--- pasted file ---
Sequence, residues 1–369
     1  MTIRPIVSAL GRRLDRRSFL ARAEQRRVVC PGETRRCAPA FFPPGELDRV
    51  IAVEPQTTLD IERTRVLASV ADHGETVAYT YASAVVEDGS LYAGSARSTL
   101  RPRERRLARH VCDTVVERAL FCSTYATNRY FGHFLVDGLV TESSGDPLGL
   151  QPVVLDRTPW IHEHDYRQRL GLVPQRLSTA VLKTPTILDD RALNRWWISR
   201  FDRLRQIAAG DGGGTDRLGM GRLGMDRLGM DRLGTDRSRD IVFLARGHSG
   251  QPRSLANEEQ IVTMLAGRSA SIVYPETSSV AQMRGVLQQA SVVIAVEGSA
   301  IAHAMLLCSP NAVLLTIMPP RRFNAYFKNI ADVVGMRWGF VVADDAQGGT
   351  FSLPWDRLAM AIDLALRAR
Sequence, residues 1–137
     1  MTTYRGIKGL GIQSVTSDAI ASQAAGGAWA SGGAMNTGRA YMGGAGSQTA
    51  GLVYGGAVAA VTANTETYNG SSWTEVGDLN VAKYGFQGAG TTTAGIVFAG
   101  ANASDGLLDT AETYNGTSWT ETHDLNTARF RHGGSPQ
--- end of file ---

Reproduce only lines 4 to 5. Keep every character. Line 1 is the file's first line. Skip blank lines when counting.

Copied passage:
   101  RPRERRLARH VCDTVVERAL FCSTYATNRY FGHFLVDGLV TESSGDPLGL
   151  QPVVLDRTPW IHEHDYRQRL GLVPQRLSTA VLKTPTILDD RALNRWWISR